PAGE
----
To borrow a phrase from the author William Gibson, linear society is dead – the news of its passing is just not widely distributed. That may sound hyperbolic, but it’s plain truth that always was and always will be. Cities can either drive the bus to the sustainable future, or they can take us off the cliff. There is no middle ground. There is no alternative.The “take, make, waste” model which my generation grew up with is woefully unsustainable. We’re running out of holes in the ground to store our waste in. We’re using up the earth’s bounty faster than it gets generated. Additionally,many still view the spewing of externalities into the wind as good business, but it’s time for a fresh perspective.
So what do we do? — We re-engage with ecological cycles.Today’s cities contend with nature. A city which opposes nature is like a cancer. Unthinkingly, it subverts the local ecological systems. In doing so, itcreates a rift in the tapestry of life. Delicately balanced systems are thrown out of whack in a self-reinforcing downward spiral. Unless this destructive loop is arrested, it can only end badly.
We have to reconnect our lives with the rest of those on the planet – human and otherwise.
Nature’s wisdom is hard earned, having developed through millions of years of experience. Now it’s time for us to become quick studies. We have to learn how to quickly mitigate the negative impacts of cities, while simultaneously learning to better integrate with our surroundings.
We have to look at our cities through a systems thinking lens. Stocks and flows need to become part of the common vernacular. Collective knowledge of inputs and outputs is a must. Transparency is paramount.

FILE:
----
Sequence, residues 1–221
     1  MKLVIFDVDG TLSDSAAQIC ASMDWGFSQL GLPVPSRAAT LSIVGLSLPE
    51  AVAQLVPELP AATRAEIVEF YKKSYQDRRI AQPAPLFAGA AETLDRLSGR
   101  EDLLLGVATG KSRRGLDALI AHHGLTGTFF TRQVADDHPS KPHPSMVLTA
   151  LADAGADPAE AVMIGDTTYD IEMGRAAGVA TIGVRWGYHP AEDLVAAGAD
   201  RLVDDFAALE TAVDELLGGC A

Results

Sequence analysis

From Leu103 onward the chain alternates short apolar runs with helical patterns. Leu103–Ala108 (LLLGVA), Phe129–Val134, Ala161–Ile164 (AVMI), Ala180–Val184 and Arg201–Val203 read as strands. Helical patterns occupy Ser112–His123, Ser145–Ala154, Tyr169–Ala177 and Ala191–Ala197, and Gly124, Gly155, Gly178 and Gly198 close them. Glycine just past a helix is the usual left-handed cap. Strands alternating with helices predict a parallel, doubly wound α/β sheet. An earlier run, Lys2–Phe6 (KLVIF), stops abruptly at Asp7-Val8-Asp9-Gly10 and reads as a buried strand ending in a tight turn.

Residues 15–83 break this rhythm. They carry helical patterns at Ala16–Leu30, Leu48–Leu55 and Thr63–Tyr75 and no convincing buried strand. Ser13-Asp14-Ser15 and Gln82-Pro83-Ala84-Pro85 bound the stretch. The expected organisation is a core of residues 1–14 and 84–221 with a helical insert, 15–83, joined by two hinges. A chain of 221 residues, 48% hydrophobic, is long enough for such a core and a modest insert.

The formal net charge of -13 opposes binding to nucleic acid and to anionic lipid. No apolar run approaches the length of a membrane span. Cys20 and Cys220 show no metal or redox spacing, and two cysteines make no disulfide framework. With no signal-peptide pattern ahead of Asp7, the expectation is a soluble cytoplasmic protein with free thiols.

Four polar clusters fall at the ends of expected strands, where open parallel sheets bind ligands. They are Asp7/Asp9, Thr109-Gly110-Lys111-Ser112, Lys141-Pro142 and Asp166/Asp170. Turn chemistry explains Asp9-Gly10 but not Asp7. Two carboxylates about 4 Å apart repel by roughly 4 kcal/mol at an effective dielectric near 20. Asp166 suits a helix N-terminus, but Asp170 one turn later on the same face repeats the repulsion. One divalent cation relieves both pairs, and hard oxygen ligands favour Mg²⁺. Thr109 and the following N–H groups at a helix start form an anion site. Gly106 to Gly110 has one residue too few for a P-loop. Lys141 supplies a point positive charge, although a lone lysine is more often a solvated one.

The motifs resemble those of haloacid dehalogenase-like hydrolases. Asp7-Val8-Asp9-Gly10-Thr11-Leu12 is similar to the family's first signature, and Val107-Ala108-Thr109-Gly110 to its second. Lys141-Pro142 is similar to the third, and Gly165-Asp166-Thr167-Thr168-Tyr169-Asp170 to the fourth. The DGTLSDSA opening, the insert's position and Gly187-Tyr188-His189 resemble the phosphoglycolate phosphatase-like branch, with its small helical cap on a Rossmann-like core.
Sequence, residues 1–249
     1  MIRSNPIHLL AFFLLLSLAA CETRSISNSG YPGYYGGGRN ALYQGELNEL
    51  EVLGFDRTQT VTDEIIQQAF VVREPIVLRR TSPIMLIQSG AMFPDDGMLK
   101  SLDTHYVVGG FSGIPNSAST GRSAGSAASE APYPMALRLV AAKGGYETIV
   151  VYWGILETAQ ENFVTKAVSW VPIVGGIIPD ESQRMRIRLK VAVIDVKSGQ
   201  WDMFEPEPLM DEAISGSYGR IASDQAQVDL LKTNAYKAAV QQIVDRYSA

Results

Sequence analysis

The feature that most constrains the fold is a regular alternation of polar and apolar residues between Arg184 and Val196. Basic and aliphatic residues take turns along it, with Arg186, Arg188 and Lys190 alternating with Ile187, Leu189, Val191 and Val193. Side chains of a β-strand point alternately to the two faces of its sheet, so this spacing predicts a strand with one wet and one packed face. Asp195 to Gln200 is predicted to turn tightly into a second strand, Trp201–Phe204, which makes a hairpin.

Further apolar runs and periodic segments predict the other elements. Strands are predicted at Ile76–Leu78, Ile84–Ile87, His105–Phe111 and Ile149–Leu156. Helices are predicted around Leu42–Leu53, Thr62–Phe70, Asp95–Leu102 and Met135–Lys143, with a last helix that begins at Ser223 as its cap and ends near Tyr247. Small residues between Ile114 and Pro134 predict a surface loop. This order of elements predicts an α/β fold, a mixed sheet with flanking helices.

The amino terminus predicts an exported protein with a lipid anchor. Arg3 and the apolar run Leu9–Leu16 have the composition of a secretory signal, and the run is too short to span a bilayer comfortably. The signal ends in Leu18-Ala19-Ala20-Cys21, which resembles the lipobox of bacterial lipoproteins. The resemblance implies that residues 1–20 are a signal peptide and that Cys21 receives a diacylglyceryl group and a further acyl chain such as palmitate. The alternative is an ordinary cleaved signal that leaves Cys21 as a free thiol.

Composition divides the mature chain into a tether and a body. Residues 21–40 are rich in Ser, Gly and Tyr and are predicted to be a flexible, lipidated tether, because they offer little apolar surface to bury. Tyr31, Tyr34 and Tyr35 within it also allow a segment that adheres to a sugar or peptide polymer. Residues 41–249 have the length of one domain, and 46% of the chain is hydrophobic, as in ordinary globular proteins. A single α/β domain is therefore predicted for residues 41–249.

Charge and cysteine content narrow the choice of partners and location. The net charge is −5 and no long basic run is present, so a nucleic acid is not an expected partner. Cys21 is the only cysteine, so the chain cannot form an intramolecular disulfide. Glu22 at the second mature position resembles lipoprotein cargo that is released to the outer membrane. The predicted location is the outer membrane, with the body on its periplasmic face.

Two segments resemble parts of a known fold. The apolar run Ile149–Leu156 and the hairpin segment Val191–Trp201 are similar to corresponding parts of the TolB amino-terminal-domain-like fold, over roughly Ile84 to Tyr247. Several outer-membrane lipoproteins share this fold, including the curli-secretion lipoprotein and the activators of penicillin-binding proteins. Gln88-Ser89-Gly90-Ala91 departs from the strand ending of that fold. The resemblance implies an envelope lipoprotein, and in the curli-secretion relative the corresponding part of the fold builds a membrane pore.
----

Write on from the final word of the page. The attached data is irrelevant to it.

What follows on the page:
If we don’t understand what a city is creating, and wasting, how can it be sustainable?
A rebirth of sorts awaits humanity. We currently think of nature (and the waste we produce) in terms of “away.” We also tend to think of people our lives are not directly connected with in terms of “other.” But there is no away and there is no other. We need to quickly arrive at a place where school children learn not of “others” and “away”, but of “we” and “here,” where we is all of humanity (and all of life, for that matter) and here refers to theecospherein its entirety. What good is it to make one city sustainable if the rest do not? Their cancers will eventually encroach upon us all. We are all co-pilots in the same boat, thisSpaceship Earth, and it’s time we start acting accordingly.
I don’t know what it will look like, but I have a pretty good idea of how it will function. The city of the future will either cycle like an ecosystem, or it will eventually fail. History islittered with evidence of this.
It doesn’t matter how we get there. Measure every ounce of everything that enters and leaves the system, divine balance from some form of tacit or mystic knowledge, or something in between. What matters is that balance is achieved. Just get there.
The question isn’t how can we do it, but rather, how can we not?